DETERMINING THE PROCEDURE
How the procedure is determined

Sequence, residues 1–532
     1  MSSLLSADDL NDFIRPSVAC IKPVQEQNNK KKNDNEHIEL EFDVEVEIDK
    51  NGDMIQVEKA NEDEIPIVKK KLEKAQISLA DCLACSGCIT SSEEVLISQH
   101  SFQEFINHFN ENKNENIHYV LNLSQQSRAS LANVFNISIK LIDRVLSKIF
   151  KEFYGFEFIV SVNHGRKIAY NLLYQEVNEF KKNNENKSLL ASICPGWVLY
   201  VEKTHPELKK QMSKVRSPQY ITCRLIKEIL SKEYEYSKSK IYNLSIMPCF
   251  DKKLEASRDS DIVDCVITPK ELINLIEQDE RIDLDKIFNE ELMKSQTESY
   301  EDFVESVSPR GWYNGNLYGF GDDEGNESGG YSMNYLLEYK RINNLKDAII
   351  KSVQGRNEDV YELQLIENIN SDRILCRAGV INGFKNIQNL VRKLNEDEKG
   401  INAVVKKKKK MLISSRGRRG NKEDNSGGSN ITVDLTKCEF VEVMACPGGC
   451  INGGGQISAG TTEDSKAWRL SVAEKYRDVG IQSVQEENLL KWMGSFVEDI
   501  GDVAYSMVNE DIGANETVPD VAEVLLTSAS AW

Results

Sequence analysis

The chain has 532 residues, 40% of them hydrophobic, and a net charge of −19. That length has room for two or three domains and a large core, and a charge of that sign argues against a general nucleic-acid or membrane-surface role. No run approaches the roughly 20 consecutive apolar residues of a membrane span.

The Arbitration Acts 1950 to 1979 were silent on the question of who was to determine the procedure to be adopted in the arbitration. In practice the point was not of huge significance, as the parties would rarely have a view on what procedure ought to be adopted, and the matter was left to be determined by the arbitrators. In many cases the procedure was predetermined by the adoption by the parties of the arbitration rules of a trade association or other institution. The general view was, however, that the parties themselves had the overriding right to determine the procedure, subject to overriding rules of public policy requiring overall fairness, and could either fix the procedure themselves, adopt the rules of a trade association, or delegate the decision to the arbitrators.1 It was only where the parties did not make any determination for themselves that the matter reverted to the arbitrators.2 The principle of party autonomy is generally accepted, and is reflected by the Model Law, art 19(1), which provides that “the parties are free to agree on the procedure to be followed by the arbitral tribunal in conducting the proceedings”. In the absence of any such agreement, art 19(2) of the Model Law authorises the arbitral tribunal “to conduct the arbitration in such manner as it considers appropriate”, subject only to the principle of equal treatment set out in art 18 of the Model Law.
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